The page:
Simulators could use virtual reality to test self-driving software without taking the system on the public roads, Bloomberg's Mark Gurman and Gerrit De Vynck reported. The car operating system would be built at least partially in Canada, Bloomberg reported.
Apple has not said openly that it is working on either a virtual reality (VR) headset or a car. But widespread reports and comments from executives have indicated that automobiles and augmented reality are of interest to the company.
Shares of electric vehicle company Tesla were slightly lower after news broke of the self-driving software.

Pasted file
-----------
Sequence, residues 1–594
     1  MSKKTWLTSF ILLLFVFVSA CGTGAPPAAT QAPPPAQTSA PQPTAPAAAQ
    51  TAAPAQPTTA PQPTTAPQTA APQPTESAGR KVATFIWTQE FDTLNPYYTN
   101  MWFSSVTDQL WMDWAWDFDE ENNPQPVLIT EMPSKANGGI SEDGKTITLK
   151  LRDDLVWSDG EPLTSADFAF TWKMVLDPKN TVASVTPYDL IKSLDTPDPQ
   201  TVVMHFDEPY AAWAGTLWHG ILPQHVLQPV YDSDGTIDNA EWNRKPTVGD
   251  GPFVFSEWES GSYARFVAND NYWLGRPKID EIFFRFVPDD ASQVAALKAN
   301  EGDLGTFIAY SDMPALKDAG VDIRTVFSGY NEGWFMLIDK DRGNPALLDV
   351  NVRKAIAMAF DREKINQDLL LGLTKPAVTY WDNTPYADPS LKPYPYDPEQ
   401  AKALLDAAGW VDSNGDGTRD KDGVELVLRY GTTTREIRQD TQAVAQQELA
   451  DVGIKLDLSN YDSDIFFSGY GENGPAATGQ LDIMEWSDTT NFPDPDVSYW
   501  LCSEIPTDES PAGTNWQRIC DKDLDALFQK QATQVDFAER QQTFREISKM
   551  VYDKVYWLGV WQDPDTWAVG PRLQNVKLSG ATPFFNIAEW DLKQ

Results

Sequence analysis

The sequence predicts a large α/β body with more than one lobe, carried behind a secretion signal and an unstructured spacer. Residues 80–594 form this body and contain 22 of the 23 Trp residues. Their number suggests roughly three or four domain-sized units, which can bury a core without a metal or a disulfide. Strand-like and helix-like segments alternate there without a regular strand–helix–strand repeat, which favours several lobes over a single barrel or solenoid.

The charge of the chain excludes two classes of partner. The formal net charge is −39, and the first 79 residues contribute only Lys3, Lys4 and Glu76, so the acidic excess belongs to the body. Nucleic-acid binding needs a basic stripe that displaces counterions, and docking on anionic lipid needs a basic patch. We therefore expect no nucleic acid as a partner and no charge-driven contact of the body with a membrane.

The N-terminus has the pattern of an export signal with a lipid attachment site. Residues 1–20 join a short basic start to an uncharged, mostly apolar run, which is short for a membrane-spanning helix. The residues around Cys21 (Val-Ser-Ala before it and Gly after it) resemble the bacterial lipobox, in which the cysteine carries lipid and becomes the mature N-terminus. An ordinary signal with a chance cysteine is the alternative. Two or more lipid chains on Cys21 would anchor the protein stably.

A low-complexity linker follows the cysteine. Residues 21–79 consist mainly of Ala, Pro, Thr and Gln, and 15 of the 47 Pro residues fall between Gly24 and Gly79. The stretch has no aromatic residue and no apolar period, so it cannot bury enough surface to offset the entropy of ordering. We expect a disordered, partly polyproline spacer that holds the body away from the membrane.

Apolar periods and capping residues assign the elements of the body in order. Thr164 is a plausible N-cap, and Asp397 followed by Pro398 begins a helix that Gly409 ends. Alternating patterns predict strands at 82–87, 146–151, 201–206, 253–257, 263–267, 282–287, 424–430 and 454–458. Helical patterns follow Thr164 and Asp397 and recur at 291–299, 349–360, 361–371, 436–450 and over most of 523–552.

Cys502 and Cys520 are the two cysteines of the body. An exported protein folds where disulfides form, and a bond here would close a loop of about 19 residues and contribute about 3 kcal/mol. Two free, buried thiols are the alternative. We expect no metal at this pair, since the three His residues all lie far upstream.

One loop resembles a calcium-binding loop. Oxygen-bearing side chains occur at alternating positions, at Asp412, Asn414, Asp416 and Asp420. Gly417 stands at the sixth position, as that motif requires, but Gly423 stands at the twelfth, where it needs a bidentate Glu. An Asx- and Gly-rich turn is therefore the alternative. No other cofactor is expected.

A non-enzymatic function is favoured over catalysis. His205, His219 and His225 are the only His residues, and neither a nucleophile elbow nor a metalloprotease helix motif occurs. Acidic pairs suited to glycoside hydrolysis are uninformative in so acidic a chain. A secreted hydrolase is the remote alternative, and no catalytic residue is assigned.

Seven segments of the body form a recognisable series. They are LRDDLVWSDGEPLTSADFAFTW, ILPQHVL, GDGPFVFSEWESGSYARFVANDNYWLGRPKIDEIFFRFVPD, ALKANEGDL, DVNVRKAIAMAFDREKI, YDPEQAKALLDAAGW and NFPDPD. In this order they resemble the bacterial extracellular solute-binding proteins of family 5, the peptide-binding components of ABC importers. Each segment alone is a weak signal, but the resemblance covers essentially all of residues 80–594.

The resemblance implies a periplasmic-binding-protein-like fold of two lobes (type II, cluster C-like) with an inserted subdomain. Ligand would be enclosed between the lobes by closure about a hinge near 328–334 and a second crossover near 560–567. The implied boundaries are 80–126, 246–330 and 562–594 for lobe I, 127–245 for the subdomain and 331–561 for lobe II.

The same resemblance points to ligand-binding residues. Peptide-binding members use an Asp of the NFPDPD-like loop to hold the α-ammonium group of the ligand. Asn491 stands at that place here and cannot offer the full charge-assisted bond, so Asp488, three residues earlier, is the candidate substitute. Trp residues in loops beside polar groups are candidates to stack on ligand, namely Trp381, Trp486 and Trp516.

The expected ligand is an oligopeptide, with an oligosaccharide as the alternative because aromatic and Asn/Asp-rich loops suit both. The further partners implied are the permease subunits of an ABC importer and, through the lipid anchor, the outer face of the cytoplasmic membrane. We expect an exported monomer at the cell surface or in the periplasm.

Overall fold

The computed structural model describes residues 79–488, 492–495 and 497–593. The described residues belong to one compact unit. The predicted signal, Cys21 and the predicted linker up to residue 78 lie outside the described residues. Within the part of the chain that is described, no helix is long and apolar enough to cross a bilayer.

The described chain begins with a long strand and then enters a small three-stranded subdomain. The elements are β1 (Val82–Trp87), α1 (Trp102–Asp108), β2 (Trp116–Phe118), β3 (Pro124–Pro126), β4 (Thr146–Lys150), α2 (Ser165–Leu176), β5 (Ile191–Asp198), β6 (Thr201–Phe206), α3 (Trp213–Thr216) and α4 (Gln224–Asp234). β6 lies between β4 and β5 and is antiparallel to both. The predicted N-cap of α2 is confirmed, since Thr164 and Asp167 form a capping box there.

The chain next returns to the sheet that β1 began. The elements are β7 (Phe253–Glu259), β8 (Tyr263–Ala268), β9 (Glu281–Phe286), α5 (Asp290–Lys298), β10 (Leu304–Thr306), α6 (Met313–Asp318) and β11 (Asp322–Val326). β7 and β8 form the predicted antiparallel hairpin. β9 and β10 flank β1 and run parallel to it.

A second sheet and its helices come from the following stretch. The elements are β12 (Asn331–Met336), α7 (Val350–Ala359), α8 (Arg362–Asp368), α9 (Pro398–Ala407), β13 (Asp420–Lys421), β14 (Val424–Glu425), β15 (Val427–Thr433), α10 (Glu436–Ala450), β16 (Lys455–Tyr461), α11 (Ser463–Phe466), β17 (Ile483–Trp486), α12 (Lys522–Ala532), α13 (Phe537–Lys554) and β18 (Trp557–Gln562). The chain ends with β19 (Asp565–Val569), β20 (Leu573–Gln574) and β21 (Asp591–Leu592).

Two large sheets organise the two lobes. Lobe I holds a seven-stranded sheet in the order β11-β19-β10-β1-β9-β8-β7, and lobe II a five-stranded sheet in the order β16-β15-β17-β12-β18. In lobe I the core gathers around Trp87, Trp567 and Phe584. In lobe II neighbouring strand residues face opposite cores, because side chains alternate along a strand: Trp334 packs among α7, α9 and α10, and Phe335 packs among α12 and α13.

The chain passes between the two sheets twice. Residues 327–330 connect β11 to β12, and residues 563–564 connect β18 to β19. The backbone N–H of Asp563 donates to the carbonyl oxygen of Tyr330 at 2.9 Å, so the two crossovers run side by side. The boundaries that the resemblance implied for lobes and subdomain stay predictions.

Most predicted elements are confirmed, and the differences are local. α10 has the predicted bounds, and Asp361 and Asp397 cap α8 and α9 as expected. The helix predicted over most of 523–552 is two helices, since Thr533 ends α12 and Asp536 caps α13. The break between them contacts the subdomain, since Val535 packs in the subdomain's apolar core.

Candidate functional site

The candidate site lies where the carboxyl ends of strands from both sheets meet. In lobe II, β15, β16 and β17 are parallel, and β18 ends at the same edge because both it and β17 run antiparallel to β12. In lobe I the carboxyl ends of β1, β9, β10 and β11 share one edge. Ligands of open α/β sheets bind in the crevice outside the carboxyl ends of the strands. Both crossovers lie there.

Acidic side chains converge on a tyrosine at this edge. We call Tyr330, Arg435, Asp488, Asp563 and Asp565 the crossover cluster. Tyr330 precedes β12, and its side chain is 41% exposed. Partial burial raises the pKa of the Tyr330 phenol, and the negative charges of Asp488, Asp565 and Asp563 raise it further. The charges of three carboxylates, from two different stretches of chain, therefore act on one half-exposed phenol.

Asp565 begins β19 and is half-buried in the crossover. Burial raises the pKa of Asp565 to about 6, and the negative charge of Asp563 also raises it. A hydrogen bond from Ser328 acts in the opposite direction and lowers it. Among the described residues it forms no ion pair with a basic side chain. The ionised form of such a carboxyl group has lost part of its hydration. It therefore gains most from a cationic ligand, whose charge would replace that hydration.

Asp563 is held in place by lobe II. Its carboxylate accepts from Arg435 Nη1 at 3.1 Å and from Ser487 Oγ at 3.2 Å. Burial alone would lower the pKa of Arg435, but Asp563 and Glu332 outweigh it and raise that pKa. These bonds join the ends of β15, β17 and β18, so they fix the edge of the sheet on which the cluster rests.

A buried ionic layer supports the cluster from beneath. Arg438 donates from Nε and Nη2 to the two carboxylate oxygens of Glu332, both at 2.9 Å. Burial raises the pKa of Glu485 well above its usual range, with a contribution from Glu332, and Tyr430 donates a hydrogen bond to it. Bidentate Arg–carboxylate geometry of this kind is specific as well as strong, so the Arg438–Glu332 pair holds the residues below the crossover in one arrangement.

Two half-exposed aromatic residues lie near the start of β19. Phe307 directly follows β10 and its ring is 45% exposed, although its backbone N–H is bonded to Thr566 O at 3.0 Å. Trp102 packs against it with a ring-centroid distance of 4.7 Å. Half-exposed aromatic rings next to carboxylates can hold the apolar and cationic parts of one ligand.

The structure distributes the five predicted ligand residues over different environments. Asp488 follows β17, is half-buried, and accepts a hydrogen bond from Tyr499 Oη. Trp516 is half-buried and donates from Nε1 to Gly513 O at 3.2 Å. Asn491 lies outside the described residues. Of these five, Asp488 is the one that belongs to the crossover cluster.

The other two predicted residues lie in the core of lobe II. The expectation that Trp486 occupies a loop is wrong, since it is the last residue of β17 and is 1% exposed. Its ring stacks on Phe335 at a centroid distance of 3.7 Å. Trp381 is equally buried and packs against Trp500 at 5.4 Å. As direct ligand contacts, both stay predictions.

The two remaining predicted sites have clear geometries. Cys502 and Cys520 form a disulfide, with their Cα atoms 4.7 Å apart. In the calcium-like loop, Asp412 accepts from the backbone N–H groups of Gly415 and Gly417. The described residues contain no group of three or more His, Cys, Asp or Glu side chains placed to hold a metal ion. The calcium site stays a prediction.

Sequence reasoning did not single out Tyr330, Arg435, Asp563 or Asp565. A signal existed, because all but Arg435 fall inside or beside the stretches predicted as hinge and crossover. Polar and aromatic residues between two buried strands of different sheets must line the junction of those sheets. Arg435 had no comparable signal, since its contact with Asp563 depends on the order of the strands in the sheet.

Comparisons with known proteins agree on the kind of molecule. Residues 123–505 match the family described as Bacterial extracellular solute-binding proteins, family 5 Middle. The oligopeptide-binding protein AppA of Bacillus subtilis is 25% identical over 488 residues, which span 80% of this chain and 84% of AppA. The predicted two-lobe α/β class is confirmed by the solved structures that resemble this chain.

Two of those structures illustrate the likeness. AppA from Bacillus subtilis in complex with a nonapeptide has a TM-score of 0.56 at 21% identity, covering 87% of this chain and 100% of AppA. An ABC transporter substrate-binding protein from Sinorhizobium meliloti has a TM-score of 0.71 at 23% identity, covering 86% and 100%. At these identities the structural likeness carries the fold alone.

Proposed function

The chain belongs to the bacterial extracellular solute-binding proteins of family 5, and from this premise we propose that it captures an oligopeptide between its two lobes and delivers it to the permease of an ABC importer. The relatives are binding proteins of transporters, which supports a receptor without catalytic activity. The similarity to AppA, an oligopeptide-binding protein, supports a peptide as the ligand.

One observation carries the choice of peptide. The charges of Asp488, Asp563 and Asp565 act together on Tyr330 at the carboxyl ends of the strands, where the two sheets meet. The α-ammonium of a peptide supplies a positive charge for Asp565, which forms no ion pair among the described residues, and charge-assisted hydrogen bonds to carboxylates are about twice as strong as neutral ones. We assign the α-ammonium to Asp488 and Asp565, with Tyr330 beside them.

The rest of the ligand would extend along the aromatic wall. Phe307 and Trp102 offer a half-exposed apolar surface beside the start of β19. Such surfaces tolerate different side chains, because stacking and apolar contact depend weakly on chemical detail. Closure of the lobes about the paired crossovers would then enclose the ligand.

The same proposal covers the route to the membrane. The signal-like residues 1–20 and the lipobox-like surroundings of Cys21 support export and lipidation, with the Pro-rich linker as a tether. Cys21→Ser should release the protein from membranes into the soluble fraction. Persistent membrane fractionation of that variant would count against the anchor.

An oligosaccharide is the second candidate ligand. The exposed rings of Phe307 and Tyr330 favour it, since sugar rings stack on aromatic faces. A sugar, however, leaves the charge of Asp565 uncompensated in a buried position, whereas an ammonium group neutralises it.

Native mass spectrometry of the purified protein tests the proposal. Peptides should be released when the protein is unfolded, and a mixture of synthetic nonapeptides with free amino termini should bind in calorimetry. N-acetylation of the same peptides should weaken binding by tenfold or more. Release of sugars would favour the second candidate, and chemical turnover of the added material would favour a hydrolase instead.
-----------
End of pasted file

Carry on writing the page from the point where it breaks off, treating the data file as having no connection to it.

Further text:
Bloomberg had previously reported that Apple was scaling back its plans to build a car, focusing instead on software for self-driving vehicles.
Being the first company to get large swaths of driving data, like 3-D maps or braking behavior, is key to bringing a successful self-driving car to market, technology investor Michael Dempsey told CNBC earlier this year. Apple has invested in Didi Chuxing, which could potentially give Apple access to the world's largest data set to use in simulations, though it's unclear if that is the case.
Dempsey said there are few known substitutes to having actual sensors in a car, though experimental technologies do exist to simulate real driving. Real driving has been thought to be best to teach cars about those "one in a million" situations drivers face on the road, Dempsey said.